Sep 18 2004


Disaster Assistance Teleregistration Line: 1-800-621-FEMA

U.S. Senator Richard Shelby (R-AL) today released the following information provided by the Federal Emergency Management Agency (FEMA) to assist Alabama residents navigate through the disaster assistance process.

To register for disaster assistance, call FEMA’s toll-free teleregistration line:
1-800-621-FEMA (3362) or 1-800-462-7585 (hearing/speech impaired).

FEMA’S toll-free teleregistration line is receiving more calls than it has in the history of the agency. Additional call centers and operators have been added, but the volume remains extremely high. If you receive a busy signal when calling to register, please remain patient and try calling a few hours later. It is also encouraged to try calling late in the evening or early in the morning when call volume is often lighter.

Owners of commercial properties and residents with only minor losses are encouraged to wait a few days before calling so those whose homes were destroyed or heavily damaged can be served first. Hurricane victims with insurance coverage should contact their insurance company or agent before calling to report losses and, if necessary, to request an advance or partial payment of their settlement.


FEMA's Individual Housing Program

1. QUESTION: What happens after an applicant applies for disaster assistance? Or, how long does it take to receive disaster assistance?

ANSWER: Within about ten days of your application to FEMA, a qualified inspector will contact you to set up a time to see your disaster damages. Your losses will be recorded and submitted to the Individuals and Households Program (IHP). Within about ten more days, you should have a decision about whether you qualify for help from IHP. If you have been referred for a disaster loan from the U.S. Small Business Administration (SBA), SBA will also contact you and schedule an appointment to review your disaster-related losses.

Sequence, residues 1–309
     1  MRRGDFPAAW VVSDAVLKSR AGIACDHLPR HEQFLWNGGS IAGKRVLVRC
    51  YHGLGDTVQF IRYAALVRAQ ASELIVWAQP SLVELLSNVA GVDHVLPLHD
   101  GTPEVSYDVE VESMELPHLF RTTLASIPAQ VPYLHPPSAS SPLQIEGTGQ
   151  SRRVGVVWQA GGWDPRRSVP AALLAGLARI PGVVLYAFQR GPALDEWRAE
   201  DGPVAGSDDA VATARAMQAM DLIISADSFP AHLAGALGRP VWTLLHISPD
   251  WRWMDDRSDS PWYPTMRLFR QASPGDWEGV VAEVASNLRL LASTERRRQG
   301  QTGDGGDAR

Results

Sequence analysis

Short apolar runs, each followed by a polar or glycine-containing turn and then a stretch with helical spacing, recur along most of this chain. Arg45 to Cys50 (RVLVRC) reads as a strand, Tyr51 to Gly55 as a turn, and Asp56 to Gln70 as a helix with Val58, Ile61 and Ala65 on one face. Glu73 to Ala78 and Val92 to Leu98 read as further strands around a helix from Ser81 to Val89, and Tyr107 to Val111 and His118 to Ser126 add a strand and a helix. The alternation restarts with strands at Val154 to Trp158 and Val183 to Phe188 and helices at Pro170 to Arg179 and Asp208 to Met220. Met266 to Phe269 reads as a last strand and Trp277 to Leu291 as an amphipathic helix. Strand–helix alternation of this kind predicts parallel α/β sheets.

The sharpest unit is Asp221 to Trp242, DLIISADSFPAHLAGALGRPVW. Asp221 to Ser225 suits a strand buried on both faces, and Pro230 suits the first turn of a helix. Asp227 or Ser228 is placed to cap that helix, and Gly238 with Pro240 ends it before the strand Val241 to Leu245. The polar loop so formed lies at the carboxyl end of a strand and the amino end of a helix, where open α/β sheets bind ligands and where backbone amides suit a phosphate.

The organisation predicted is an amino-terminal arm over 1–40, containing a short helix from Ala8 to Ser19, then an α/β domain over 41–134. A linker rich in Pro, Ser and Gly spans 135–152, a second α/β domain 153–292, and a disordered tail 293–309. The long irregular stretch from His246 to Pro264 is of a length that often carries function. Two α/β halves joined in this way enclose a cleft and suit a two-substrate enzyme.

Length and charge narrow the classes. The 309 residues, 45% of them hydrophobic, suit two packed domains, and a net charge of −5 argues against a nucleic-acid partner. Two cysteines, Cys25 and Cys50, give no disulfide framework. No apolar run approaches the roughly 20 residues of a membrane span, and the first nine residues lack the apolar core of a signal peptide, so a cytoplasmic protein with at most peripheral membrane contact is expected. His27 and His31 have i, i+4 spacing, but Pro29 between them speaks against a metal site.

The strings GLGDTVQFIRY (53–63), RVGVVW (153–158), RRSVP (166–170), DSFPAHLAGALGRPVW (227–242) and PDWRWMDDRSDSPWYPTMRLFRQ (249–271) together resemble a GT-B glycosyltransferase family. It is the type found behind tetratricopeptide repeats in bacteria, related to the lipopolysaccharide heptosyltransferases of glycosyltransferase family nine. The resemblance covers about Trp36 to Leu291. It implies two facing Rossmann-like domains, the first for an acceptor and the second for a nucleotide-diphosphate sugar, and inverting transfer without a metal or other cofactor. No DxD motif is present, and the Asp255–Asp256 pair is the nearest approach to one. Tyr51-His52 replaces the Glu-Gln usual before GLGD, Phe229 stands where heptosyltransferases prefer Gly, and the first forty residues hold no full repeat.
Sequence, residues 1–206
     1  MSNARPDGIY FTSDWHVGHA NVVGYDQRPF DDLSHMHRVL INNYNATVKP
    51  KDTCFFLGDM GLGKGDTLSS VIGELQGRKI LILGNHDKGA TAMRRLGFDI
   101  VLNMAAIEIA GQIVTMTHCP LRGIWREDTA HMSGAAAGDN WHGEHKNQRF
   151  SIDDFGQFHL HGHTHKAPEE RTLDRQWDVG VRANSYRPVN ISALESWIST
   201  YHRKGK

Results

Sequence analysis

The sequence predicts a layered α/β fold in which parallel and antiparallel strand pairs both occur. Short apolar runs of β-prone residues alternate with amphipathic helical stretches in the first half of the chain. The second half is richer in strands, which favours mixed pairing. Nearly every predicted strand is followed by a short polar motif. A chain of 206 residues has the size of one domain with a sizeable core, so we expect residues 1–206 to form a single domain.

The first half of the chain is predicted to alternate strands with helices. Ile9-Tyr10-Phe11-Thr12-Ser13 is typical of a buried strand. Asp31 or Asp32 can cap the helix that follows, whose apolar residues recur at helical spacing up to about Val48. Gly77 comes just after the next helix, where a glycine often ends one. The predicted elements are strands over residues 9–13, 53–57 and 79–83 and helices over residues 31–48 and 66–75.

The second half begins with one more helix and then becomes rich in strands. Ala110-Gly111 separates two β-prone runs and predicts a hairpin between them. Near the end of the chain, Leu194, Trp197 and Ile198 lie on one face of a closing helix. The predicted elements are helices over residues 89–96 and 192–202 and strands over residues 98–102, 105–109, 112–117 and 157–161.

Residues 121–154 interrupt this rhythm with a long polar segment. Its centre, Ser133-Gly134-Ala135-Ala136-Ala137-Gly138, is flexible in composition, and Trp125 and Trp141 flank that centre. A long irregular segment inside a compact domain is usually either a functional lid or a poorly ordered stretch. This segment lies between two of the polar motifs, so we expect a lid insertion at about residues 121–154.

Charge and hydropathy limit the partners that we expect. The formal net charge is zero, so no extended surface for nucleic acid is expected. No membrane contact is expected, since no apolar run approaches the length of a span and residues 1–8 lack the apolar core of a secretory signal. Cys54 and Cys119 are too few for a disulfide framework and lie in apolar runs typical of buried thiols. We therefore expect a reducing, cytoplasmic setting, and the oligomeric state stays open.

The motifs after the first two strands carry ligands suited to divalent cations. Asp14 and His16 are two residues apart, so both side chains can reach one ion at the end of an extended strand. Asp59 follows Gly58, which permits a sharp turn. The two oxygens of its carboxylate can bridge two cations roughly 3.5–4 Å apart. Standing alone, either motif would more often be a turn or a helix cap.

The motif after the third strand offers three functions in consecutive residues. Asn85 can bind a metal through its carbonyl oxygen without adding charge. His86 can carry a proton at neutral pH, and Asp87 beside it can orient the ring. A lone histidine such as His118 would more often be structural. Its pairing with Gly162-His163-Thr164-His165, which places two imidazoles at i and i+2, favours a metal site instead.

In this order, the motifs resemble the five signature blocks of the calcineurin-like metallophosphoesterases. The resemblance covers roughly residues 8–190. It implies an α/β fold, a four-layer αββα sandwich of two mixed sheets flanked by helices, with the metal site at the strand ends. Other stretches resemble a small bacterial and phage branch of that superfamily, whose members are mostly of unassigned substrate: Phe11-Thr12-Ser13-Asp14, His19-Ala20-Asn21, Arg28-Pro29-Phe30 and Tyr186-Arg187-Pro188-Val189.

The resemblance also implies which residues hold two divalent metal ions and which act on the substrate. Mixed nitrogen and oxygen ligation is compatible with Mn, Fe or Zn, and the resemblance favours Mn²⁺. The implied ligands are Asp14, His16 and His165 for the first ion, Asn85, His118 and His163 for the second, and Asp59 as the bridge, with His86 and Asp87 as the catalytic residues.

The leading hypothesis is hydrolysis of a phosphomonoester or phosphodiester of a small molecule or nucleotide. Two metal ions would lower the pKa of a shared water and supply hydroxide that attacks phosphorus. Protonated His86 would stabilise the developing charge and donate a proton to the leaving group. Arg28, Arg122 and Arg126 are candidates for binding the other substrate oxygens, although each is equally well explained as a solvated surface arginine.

If you are eligible for help, you should receive a U.S. Treasury/State check or notification of a deposit to your bank account within about ten days of the inspector's visit. Other types of help may be provided later, based on specific eligibility and need

2. QUESTION: Should I wait until the inspectors come before I begin clean up?

ANSWER: You may clean before the inspection. If possible, take photos of the damage before you clean. Remember to keep receipts for all of your expenses.

3. QUESTION: Will I be reimbursed for living expenses I incurred while I was evacuated?

ANSWER: FEMA provides limited reimbursement for living expenses incurred during evacuations. To be eligible for reimbursement of living expenses incurred during evacuations, the home from where you are displaced must be your primary residence. In addition, the home must be either damaged by the disaster or you are prohibited from returning to the home once the general evacuation order is lifted because of the disaster. You should register and submit your receipts to see if the cost is covered. FEMA reviews these request on a case-by-case basis.

4. QUESTION: I purchased a generator. Will I be reimbursed?

ANSWER: FEMA reviews request for reimbursement of the cost of the generator on a case-by-case basis and determines if the generator was purchased to overcome a disaster-related hardship, injury, or adverse condition. You should register and submit your receipts to see if the cost is covered.

5. QUESTION: Can I apply for help for my damaged car?

ANSWER: Yes. You will need to register and provide proof of ownership and insurance information for the vehicle.

6. QUESTION: Will FEMA pay for moving and storage expenses?

ANSWER: Costs of moving and storage may be covered, if these costs are directly related to the disaster. You should register and submit your receipts to see if the cost is covered.

7. QUESTION: My home that was damaged was a second home. Am I eligible for disaster assistance?